1-20 of 37 results  for:

  • broadcasting and communications x
Clear all

Article

Barnard, Chester Irving (07 November 1886–07 June 1961), telephone executive, foundation president, and management theorist, was born in Malden, Massachusetts, the son of Charles H. Barnard, a machinist, and Mary E. Putnam. His mother died when Chester was five. Apprenticed as a piano tuner, he worked his way through preparatory school at Mount Hermon Academy in Northfield, Massachusetts, and won a scholarship to Harvard, where he supplemented his income by tuning pianos and running a small dance band. He studied economics and languages but failed to receive a degree because he lacked a laboratory science course, which he felt he could not complete and yet “do all the work I had to do to eat.” In 1909 he was employed by American Telephone and Telegraph Corporation (AT&T) in the statistical department, studying the rate-setting practices of European telephone companies. He married Grace Frances Noera in 1911. They had one child....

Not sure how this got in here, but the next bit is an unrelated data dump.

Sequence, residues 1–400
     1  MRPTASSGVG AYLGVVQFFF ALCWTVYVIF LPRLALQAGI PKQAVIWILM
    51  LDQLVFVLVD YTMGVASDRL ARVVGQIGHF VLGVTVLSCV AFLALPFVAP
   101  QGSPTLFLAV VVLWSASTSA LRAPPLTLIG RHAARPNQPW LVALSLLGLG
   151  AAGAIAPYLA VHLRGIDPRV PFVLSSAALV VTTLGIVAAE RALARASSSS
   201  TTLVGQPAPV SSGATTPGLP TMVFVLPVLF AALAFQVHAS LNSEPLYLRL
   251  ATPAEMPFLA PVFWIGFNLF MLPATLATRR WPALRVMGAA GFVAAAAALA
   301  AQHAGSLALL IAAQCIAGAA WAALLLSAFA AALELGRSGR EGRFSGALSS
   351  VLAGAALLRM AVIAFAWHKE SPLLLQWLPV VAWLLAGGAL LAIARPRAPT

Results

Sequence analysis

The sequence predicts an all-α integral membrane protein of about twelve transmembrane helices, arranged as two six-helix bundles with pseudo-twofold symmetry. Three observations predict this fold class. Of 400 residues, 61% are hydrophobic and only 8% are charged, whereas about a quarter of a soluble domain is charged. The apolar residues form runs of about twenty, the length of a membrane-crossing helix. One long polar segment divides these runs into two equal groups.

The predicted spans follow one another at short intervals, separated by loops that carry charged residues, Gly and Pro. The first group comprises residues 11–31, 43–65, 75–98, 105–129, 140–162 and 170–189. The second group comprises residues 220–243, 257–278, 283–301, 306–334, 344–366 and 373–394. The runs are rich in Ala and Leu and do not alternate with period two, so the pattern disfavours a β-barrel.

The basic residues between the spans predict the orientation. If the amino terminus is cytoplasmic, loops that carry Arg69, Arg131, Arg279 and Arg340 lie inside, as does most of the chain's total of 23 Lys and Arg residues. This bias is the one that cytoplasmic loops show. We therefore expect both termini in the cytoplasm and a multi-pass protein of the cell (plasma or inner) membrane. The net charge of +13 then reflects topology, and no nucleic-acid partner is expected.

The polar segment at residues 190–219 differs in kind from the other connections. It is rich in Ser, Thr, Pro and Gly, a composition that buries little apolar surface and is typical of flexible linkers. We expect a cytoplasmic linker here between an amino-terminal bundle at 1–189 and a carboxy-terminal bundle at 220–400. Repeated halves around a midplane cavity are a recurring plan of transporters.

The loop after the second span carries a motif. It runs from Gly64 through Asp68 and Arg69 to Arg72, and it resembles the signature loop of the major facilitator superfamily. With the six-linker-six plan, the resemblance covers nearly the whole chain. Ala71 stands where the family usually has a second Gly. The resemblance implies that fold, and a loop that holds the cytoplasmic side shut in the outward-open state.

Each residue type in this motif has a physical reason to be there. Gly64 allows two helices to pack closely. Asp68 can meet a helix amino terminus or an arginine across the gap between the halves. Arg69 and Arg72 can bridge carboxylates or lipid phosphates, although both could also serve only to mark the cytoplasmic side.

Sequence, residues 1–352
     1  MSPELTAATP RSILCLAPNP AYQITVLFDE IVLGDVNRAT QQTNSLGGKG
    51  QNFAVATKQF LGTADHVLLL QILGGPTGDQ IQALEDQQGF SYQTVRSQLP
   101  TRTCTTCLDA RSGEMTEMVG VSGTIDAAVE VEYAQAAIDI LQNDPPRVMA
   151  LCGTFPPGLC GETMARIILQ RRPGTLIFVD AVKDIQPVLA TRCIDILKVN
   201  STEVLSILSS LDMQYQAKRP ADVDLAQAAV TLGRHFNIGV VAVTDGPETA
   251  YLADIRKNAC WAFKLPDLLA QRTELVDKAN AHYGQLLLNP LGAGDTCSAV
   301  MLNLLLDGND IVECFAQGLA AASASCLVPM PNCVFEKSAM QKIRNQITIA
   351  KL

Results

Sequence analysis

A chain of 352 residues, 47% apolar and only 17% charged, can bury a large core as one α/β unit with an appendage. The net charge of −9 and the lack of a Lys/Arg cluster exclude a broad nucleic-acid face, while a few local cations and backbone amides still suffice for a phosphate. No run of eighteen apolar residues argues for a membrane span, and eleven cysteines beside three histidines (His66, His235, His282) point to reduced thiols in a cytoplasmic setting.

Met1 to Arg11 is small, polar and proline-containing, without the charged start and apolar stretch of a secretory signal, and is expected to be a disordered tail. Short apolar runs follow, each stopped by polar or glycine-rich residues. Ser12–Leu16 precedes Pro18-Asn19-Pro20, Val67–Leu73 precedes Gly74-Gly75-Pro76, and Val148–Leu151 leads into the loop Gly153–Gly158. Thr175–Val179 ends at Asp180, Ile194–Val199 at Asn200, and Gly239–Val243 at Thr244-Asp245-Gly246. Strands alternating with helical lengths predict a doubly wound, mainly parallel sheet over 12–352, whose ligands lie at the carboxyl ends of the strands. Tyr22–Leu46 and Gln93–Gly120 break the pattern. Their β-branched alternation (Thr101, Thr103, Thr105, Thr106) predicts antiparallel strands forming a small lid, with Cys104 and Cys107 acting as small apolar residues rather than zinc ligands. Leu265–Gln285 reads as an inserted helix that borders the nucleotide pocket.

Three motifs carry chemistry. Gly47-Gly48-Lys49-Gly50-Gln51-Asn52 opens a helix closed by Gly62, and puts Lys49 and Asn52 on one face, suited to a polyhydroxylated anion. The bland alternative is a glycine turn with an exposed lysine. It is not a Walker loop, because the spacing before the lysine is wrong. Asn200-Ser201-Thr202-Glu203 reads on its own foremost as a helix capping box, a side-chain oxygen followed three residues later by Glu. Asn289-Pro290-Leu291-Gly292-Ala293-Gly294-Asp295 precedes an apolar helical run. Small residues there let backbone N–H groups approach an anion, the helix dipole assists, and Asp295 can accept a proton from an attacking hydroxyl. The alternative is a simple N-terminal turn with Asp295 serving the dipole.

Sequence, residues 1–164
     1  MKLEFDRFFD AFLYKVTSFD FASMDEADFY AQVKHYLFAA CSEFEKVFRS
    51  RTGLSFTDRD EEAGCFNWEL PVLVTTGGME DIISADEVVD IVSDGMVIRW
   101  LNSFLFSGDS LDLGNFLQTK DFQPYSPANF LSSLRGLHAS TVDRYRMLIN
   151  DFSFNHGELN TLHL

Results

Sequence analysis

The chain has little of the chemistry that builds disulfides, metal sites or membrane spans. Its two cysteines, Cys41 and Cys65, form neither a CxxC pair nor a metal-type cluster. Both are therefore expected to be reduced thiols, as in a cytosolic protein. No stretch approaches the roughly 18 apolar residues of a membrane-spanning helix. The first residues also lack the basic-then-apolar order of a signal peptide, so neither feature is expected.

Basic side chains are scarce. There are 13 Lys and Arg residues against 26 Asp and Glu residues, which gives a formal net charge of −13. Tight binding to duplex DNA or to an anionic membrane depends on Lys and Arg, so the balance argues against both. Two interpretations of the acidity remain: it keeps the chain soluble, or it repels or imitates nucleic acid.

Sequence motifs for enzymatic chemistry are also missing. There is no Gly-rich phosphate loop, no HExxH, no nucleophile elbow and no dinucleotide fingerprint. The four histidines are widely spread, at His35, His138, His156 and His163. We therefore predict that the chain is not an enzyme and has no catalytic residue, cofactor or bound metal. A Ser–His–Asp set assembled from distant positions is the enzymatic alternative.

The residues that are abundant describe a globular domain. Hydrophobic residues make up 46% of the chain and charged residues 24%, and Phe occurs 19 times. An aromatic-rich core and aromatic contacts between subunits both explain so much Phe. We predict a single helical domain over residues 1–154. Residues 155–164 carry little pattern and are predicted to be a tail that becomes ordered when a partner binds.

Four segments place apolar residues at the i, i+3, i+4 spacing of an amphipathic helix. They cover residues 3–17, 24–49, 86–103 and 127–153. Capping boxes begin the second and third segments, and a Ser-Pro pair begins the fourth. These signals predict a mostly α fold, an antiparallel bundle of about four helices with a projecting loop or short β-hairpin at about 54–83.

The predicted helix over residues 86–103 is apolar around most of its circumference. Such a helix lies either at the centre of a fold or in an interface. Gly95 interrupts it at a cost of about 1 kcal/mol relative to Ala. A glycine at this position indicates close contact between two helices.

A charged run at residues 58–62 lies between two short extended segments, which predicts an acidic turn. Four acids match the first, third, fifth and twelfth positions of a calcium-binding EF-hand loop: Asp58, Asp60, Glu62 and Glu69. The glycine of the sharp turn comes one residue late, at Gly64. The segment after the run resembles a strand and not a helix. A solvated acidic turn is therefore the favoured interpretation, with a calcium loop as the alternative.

Article

Behn, Sosthenes (30 January 1884–06 June 1957), corporation executive, was born Louis Richard Sosthenes Behn in St. Thomas in what was then the Danish West Indies, the son of Ricardo Augusto Guillermo Behn, a businessman, and Louise Monsanto. Behn was educated in the Virgin Islands, Corsica, and at Collège Ste. Barbée in Paris. During the course of his education and travels, he became fluent in English, French, and Spanish. In 1898 Behn’s family moved to New York City, where he found jobs as a messenger and later as a clerk. When Morton Trust Company, a Wall Street concern, rejected Behn for employment because he was too young, he grew a beard, changed his official birth date to 1882, and reapplied a few months later. This time he was hired and was eventually promoted to head clerk at the firm....

Image

Alexander Graham Bell Courtesy of the Library of Congress (LC-USZ62-104276).

Article